I like this case because it implicates a number of legal remedies that one does not ordinarily encounter during the course of things, and legal remedies are fun. Here, Shalhoub is a citizen of Saudi Arabia and lives there now.  Formerly, he was married to an American citizen with whom he had a child.  The specifics are not laid out, but it appears that while he and his child were in Saudi Arabia, a decision was made to stay there in violation o

United States v. Fathia-Anna Davis (4th Cir. 1/5/17): Manufactured Jurisdiction Argument. Also, Don’t Try to Murder Your Husband.

May 3rd, 2017
Elizabeth Franklin-Best

So, this case raises an interesting claim in the context of a murder-for-hire scheme. Davis apparently loathed her husband.  So much so that she repeatedly tried to murder him.  Her first attempt, giving him an overdose of Ambien, did not work. The husband merely ended up in the hospital. Seeking a more certain outcome, Davis reached out to a friend of hers who worked at a car dealership that catered to the local gang members and drug dealer mi

US v. Roderrete McClure (5th Cir., 4/25/17): When Does a Plea Agreement in Federal Court Prevent Additional Indictments?

April 28th, 2017
Elizabeth Franklin-Best

Tough, tough lesson here for McClure, and all criminal defense lawyers should be aware of this case.  Here, McClure appeals the denial of his motion to dismiss his indictment for narcotics trafficking, arguing that the Government was barred from pursuing the indictment based on a plea agreement he entered into in an earlier case.  In 2012, McClure pleaded guilty to 18 USC 922(g)(1), Felon in Possession of a Firearm.   Information leading t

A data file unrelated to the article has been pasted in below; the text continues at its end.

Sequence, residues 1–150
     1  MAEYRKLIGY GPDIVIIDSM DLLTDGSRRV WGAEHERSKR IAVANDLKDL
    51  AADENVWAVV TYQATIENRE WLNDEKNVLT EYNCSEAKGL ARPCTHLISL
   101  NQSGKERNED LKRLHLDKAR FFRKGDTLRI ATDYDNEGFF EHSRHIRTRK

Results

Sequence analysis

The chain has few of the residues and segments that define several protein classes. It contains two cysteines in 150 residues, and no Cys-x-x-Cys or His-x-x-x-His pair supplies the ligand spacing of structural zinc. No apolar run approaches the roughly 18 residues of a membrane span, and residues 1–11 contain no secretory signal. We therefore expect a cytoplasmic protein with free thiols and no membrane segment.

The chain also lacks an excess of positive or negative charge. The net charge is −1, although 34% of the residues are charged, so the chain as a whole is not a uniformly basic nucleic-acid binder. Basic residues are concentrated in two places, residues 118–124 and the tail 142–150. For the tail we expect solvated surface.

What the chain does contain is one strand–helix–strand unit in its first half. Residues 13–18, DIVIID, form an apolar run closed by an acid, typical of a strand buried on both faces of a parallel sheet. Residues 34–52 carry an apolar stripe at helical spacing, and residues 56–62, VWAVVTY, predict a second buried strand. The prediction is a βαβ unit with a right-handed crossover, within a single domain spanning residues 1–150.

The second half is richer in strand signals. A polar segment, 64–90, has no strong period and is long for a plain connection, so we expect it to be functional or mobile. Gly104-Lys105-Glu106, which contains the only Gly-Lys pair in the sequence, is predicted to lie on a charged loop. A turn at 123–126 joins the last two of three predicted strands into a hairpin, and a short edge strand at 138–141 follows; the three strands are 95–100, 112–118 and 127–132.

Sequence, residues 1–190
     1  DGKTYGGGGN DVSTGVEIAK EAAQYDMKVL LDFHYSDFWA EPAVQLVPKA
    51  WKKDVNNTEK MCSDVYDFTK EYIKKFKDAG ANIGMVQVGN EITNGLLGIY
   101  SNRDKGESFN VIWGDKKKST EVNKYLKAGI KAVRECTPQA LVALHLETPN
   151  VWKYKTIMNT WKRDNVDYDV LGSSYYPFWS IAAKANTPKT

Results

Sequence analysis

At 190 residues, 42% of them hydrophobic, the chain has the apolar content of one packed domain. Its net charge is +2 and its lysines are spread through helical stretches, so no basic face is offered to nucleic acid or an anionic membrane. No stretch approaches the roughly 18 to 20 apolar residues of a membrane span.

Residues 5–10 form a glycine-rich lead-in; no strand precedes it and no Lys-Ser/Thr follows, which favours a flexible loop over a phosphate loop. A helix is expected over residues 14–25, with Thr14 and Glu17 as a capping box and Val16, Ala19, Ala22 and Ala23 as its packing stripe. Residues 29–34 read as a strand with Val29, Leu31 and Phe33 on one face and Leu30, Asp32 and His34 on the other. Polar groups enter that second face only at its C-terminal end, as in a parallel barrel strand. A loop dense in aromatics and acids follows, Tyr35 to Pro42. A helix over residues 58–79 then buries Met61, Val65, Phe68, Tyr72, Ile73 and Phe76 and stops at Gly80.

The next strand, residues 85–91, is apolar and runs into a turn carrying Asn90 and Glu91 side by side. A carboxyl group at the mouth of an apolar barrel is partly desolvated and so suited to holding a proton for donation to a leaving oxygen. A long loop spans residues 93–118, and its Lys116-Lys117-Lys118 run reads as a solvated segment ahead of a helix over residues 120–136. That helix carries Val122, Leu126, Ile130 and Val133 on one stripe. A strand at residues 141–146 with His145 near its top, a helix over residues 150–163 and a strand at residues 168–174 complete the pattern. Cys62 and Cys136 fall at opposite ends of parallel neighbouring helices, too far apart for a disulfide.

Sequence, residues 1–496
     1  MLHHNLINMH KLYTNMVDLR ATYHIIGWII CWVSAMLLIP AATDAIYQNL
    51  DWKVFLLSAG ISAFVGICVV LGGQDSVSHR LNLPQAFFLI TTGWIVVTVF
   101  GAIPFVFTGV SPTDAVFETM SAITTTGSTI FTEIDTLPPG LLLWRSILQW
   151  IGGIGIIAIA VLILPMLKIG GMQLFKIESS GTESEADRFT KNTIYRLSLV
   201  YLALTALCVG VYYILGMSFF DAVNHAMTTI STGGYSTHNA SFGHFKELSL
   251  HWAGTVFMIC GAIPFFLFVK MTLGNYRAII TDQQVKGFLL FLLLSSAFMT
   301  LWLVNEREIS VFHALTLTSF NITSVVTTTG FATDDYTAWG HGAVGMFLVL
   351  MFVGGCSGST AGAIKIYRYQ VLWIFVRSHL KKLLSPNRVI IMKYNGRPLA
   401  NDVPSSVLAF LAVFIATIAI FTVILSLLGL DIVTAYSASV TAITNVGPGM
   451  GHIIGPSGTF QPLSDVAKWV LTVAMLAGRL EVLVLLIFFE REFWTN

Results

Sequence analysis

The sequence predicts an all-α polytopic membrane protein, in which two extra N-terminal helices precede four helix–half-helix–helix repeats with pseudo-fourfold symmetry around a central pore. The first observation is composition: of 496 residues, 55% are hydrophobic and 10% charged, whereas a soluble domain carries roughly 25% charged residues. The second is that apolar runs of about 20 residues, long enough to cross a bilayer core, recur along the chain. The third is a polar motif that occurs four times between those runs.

US v. Kimberly Hastie (11th Cir., filed 4/25/17) Email addresses are “personal information” under the Driver’s Privacy Protection Act. Judge Jordan disagrees; argues it is a jury issue.

April 26th, 2017
Elizabeth Franklin-Best

File this in the Things Not to do When You Hold a Position of Trust in the Government file. Ms. Hastie was the License Commissioner of Mobile, Alabama. She was responsible for issuing driver's licenses and automobile titles, and she maintained motor vehicle registrations for the citizens of Mobile County.  She also supported a particular candidate for Mayor!  She asked her manager of information technology to send her the emails addresses from